In recent years there has been renewed interest in the debate over journalists’ use of anonymous sources, and this has included criticism directly from President Donald Trump. Survey data from earlier this year shows that most Americans see a place for journalists to use anonymous sources, but few think journalists should have carte blanche to use them when reporting the news.
A majority of U.S. adults (82%) say that there are times when it is acceptable for journalists to use anonymous sources, with 67% saying it is acceptable only in special cases – a view which echoes the standards of professional journalism organizations that say journalists should take every step to attribute information to a named source when possible before relying on an anonymous source. A much smaller share – 15% – thinks use of anonymous sources is always acceptable. About two-in-ten Americans (18%) think it is never acceptable.
These findings come from a Pew Research Center survey conducted Feb. 18 to March 2, 2020, around the time that there was continued interest and debate about the anonymous author who penned a 2018 New York Times op-ed and a subsequent book in 2019 that criticized Trump and who claimed to be an administration official.
To examine Americans’ attitudes of anonymous sources, we surveyed 10,300 U.S. adults between Feb. 18 to March 2, 2020. Everyone who completed the survey is a member of Pew Research Center’s American Trends Panel (ATP), an online survey panel that is recruited through national, random sampling of residential addresses. Recruiting our panelists by phone or mail ensures that nearly all U.S. adults have a chance of selection. This gives us confidence that any sample can represent the whole population (see our Methods 101 explainer on random sampling). To further ensure that each survey reflects a balanced cross section of the nation, the data is weighted to match the U.S. adult population by gender, race, ethnicity, partisan affiliation, education and other categories. Read more about the ATP’s methodology.
Visit our interactive data tool to access the questions included in this post, as well as other data on Americans’ attitudes toward the news media.
This analysis was made possible by The Pew Charitable Trusts, which received support from the John S. and James L. Knight Foundation.
The public’s approval of anonymous sourcing, then, depends heavily on why these sources are being used. But news organizations may not be making this entirely clear. Fewer than half of Americans (42%) say that news outlets do very or somewhat well in telling their audiences how they choose or find sources, according to a recent Pew Research Center report.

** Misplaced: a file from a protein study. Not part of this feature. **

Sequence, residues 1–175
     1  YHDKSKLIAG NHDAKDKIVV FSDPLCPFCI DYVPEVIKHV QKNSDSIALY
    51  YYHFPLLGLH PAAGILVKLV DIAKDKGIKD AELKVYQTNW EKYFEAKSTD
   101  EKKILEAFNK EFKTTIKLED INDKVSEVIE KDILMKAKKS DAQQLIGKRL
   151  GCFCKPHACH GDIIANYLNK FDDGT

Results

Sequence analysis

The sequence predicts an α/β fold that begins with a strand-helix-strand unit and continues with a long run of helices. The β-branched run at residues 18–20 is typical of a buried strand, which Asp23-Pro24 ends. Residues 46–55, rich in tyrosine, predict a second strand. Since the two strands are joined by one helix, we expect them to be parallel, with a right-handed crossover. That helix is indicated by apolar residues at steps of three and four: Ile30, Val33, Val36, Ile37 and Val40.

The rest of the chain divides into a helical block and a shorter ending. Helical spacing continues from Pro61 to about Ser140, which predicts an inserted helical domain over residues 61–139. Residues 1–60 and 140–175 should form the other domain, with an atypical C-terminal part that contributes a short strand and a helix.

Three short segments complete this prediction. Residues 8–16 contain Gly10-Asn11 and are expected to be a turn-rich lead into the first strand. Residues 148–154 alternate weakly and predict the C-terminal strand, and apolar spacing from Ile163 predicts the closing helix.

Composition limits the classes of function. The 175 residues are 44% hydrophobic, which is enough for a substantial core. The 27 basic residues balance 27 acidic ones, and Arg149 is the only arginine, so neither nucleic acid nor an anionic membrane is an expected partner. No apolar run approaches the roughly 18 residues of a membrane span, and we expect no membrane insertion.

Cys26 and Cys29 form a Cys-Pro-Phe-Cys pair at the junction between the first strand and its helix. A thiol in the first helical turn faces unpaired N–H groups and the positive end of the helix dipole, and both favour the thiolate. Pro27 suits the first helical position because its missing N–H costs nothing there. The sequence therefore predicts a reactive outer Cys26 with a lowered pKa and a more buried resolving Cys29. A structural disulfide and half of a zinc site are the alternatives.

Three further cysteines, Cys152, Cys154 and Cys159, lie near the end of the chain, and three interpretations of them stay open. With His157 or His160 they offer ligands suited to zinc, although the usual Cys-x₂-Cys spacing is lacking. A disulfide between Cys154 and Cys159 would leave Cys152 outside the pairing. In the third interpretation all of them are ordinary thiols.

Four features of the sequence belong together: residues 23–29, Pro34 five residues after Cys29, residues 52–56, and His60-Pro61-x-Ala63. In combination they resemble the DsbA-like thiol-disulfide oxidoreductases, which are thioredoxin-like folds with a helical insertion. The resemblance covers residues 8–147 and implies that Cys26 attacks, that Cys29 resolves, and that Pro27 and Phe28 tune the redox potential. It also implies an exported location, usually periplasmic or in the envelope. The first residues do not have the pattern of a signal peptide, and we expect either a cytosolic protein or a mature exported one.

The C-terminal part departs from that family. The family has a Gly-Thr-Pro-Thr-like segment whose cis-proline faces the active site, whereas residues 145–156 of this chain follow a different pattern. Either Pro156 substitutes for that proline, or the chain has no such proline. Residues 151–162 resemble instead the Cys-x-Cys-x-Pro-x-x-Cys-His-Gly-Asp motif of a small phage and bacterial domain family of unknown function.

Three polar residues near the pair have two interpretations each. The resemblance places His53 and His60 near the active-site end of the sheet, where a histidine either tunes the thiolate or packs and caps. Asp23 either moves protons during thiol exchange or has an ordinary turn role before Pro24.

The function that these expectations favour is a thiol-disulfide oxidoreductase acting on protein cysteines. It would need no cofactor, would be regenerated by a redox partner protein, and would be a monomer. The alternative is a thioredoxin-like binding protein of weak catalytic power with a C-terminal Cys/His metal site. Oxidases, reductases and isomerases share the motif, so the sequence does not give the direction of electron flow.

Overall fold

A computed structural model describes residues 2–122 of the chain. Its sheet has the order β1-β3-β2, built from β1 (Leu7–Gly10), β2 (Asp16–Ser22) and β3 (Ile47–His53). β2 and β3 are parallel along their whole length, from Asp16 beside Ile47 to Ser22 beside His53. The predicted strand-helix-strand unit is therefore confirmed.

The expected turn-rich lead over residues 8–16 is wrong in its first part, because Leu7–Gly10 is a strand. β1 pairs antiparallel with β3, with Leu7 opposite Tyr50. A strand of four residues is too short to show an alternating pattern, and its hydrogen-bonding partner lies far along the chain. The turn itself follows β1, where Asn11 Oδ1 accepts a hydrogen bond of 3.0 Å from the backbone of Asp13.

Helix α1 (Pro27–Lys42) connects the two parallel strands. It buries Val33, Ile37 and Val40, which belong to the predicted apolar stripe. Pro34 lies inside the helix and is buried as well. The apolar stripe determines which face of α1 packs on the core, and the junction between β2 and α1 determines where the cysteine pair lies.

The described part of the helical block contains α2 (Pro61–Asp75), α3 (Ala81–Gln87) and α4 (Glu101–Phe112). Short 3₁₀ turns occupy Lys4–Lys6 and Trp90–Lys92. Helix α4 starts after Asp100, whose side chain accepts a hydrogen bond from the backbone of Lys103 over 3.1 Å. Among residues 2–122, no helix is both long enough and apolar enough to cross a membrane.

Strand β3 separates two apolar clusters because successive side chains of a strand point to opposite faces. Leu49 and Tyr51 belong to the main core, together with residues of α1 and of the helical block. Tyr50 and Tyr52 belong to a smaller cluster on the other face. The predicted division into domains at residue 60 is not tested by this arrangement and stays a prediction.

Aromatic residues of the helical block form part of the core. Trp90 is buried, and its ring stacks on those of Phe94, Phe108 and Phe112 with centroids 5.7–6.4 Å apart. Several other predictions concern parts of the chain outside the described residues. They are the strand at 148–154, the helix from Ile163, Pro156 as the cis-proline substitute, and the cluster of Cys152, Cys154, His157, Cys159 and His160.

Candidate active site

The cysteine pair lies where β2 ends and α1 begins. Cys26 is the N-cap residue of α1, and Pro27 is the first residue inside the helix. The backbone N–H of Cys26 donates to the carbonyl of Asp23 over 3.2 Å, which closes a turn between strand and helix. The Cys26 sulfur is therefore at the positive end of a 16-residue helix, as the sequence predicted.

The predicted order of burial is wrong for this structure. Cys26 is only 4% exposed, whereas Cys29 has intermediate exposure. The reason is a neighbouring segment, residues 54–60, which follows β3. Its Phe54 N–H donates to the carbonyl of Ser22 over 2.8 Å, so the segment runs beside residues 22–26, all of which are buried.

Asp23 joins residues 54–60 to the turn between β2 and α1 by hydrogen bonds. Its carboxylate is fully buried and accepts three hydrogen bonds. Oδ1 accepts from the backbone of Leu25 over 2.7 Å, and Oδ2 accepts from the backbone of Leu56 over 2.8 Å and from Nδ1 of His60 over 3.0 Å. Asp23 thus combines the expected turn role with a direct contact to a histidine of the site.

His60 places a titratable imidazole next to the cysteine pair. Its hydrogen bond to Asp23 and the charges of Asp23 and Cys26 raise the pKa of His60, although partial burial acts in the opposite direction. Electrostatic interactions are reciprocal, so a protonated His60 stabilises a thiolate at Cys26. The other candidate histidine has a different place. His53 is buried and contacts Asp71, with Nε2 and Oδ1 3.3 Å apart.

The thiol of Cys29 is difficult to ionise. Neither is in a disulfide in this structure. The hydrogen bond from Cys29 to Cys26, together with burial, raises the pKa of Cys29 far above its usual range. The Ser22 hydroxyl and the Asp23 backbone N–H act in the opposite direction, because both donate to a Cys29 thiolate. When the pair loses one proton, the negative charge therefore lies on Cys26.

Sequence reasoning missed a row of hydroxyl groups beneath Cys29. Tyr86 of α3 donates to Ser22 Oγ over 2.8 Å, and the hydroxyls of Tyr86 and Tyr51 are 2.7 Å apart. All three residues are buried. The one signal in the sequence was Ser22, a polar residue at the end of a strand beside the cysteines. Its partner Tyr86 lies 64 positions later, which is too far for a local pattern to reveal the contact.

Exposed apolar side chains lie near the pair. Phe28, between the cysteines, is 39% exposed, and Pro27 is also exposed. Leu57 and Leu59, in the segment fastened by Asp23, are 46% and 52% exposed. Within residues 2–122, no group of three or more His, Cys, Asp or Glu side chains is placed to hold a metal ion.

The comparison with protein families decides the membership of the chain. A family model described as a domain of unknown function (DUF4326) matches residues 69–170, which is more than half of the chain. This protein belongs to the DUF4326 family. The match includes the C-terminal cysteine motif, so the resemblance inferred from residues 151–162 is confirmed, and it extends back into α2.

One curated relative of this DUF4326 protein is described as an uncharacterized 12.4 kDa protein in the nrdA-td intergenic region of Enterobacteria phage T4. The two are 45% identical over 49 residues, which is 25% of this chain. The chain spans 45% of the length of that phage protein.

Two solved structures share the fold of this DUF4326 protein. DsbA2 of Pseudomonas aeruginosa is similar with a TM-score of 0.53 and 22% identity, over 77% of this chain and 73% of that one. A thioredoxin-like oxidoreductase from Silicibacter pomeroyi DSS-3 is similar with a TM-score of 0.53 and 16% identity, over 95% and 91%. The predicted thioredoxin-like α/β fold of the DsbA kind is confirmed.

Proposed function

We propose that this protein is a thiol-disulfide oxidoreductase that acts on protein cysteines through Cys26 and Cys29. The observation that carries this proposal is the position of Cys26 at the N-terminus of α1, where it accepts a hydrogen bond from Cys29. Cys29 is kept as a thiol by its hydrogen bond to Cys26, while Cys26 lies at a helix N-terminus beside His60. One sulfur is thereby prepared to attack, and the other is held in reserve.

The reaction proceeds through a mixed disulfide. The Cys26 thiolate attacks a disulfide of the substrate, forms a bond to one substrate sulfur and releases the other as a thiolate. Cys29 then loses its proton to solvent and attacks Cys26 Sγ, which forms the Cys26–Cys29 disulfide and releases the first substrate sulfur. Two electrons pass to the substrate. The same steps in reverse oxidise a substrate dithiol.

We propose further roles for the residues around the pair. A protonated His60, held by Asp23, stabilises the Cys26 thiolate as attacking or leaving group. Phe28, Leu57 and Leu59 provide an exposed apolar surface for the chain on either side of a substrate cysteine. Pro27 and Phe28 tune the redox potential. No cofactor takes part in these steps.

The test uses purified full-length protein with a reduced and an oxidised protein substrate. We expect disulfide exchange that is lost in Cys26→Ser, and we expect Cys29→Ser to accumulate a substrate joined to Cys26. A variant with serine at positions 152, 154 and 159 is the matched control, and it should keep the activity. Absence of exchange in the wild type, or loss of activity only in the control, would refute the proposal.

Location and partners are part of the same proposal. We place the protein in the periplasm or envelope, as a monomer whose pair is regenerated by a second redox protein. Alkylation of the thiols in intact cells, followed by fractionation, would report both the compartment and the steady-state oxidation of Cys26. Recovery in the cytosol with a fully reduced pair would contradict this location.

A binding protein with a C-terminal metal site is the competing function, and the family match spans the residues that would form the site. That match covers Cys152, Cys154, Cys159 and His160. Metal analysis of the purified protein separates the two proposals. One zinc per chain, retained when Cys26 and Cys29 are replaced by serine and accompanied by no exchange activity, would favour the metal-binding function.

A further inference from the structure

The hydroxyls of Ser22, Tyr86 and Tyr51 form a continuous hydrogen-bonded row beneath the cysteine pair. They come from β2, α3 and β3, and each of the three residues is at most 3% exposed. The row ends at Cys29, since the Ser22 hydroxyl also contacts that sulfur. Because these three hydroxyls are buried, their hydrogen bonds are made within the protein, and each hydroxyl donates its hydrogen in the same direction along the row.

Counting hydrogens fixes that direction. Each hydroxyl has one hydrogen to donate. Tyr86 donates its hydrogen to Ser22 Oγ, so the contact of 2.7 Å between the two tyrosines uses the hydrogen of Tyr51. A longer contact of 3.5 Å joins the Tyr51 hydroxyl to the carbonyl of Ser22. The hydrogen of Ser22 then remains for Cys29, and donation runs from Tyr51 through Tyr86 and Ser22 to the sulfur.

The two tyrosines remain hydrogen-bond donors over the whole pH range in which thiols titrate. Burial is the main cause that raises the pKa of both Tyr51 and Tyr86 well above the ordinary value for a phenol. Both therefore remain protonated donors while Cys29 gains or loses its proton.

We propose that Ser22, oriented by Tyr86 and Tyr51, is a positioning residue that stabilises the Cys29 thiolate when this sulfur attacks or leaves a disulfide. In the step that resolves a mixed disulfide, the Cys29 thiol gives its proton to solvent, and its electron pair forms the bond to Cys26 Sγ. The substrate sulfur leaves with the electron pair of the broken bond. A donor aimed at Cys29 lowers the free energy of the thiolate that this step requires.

Democrats are somewhat more likely than Republicans to express support for journalists’ use of anonymous sources, though majorities of both parties think they are acceptable, at least in moderation. Roughly nine-in-ten Democrats and Democratic-leaning independents (92%) say that it is acceptable for journalists to use anonymous sources, as do about seven-in-ten Republicans and Republican leaners (71%). But like Americans overall, most in each party say anonymous sources should be used only in special cases.
While fewer in each party say it is always acceptable to rely on anonymous sources, Democrats are about three times as likely as Republicans to say this (22% vs. 8%). The relationship is nearly the inverse for the feeling that anonymous sources should be forbidden. Nearly three-in-ten Republicans (29%) think that it is never acceptable to use anonymous sources – 21 percentage points higher than Democrats who say the same (8%).
This divide between the two parties comes as gaps have also emerged in their views of the ethical standards of journalists. A Pew Research Center study from May found that only about one-in-five Republicans (19%) say journalists have either high or very high ethical standards, far lower than the 64% of Democrats who say the same.
While most Americans express some support for the use of anonymous sources, a sizable portion of the public also says that journalists’ use of anonymous sources influences whether they trust a news story. This sense is particularly strong among those who think anonymous sources should be forbidden in all cases.
Nearly seven-in-ten Americans (68%) say that an anonymous source in a story has at least some influence on whether they find that story credible (21% say a great deal of influence and 47% say some influence). About three-in-ten (31%) say it has not too much influence or no influence at all. And while majorities of both Democrats and Republicans say anonymous sources have at least some influence in deciding whether to trust a story, Republicans are much more likely to say it has a great deal of influence: 31% vs. 13%.
Those who say it is never acceptable to use an anonymous source are roughly three times as likely to say it has a great deal of influence on whether they think a story is credible (49% vs. 15% of those who say it is acceptable in special cases and 14% of those who say always acceptable). Still, majorities of all three groups say that an anonymous source has at least some influence on their trust in a story.
For a look at this data among a range of demographic groups, see our interactive tool.